Cabinessence is a pleasant amble out of Paddington CBD down a few leafy residential streets. It had a very lazy weekend vibe to it which suited my own very lazy weekend quite nicely. Apart from myself, the place seemed to be frequented by an ongoing trickle of regulars, all of whom chattered amongst themselves as well as with the friendly baristas. Some just popped in for coffee; others settled down on one of the bar stools or sofas and whiled the time away.
I chose to settle down because I am a lady of leisure and have nothing but time.
The decor is so cute and sort of has a 50s feel with certain pieces. I particularly love the tiki bamboo bar stools. It’s all very casual, but doesn’t lack any charm.
I ordered iced coffee as an antidote to the frightfully warm day (I don’t deal well with heat), and it came in this super-cute cocktail shaker. Cabinessence does the kitsch, mis-matched tableware thing very well – the souvenir spoon was an especially nice touch. Plus the coffee was spectacular.
Cabinessence doesn’t do food apart from toast, but when the toast is this great, I suppose there isn’t really a need to expand the menu. There is a choice between avocado or tomato, as well as an array of spreads and such. Seeing as avocado is my life, I obviously chose it as my topping. They put on a nice thick layer, not skimping as one might expect (the world usually doesn’t love avocado as much as I proclaim to).
I sat there for a good half hour or so enjoying the afternoon. If you need somewhere pleasant to sit, and you’re willing to walk up a somewhat steep incline to get there, Cabinessence is ideal. Brisbanites: you should visit Cabinessence, pronto.
117 Enoggera Tce,
Yesterday I had elaborate plans to be terribly studious and do hour upon hour of study before class in the afternoon… And yet somehow I ended up in Paddington, walking absent-mindedly into a vintage store. It was a good hour before I came out again.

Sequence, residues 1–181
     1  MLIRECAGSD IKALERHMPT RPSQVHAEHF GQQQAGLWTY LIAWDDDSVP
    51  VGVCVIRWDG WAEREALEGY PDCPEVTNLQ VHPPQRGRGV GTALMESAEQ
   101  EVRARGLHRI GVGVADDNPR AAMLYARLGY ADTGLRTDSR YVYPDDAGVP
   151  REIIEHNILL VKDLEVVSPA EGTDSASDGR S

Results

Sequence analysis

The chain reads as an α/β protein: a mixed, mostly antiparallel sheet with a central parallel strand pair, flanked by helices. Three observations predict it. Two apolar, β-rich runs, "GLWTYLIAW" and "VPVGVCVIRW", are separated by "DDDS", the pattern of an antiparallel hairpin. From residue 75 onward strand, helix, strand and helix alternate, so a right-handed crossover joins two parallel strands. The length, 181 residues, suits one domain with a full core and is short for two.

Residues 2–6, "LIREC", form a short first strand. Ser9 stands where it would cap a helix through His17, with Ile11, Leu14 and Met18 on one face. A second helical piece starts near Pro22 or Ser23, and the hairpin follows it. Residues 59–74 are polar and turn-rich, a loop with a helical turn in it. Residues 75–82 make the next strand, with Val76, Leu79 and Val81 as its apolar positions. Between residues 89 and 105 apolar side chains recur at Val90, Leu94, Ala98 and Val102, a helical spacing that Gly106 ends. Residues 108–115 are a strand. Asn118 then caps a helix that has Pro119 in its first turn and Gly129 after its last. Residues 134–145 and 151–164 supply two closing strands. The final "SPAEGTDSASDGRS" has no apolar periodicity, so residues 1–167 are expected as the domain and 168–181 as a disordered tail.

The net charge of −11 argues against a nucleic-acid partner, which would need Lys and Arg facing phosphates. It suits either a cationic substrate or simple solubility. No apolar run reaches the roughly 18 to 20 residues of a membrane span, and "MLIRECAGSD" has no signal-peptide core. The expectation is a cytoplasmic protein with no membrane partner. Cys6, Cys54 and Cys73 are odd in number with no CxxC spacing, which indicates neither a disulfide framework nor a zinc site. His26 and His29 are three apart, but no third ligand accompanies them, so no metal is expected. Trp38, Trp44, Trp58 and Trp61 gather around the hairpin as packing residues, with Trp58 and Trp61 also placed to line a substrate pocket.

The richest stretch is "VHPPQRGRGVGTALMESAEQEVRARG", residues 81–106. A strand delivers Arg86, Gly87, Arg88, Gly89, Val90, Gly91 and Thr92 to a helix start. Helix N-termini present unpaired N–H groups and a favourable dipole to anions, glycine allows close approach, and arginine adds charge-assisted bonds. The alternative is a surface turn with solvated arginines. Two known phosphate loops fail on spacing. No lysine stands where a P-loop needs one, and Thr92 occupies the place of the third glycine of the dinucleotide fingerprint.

The store I visited was “Shag” on Oxford St. I have never really frequented Shag because it always looks a little too 80s from the outside; the window display is very kitsch, with garish accessories, crazy patterned tunics and flared pants. Now I’m cursing myself for my aversion, for even though mod dresses and corduroy pants dominate the space, there is a wonderful rack of clothes from 30s-early 60s. Fifties frocks! Old evening gowns! Vintage negligees!
I tried on 80% of the rack, and fell in love with a blue velvet fifties evening dress. The lovely sales girl went wild when I waltzed out of the fitting room, and put on the song “Blue Velvet” by Bobby Vinton for my benefit. Naturally, I took a turn about the store. Here is the evidence:
The scalloped collar still has all its original diamontes – divine!
I also bought a divine novelty skirt. I think it’s later than 50s (the zipper gives it away), probably 70s or 80s, but it has a very 50s-style novelty print with its olive oil and wine theme. The waist band is beautifully embellished with olive branches and grapes, and then on the skirt itself there are bottles of olive oil and wine glasses – fabulous! I think it’s so cute! I’m going to hem it though, as right now it sits at my ankles, and I’d rather it a little shorter. Check it out:
While in Shag I had a conversation with the sales girl about dating vintage clothing, and she was very wise. I’ve been thinking a lot about the small details that allow you to pick the era of a piece of clothing, having just read this post. So as a little tangent for this post, here is my collected wisdom on dating vintage with zippers:
- Metal zippers were used pre-60s, so anything with a vinyl zipper is usually later – though this isn’t 100% accurate as of course some garments will have had zippers replaced
- Back zippers weren’t instituted until the 60s, so frocks with side zippers are usually earlier (learnt this tidbit from the girl in Shag)
- Lack of a zipper, perhaps with a hook and eye used on the side, indicates that the item of clothing could be pre-40s
I might collect more tips like these into a blog post as a sort of guide after a bit more research. If you have any words of wisdom, leave them below.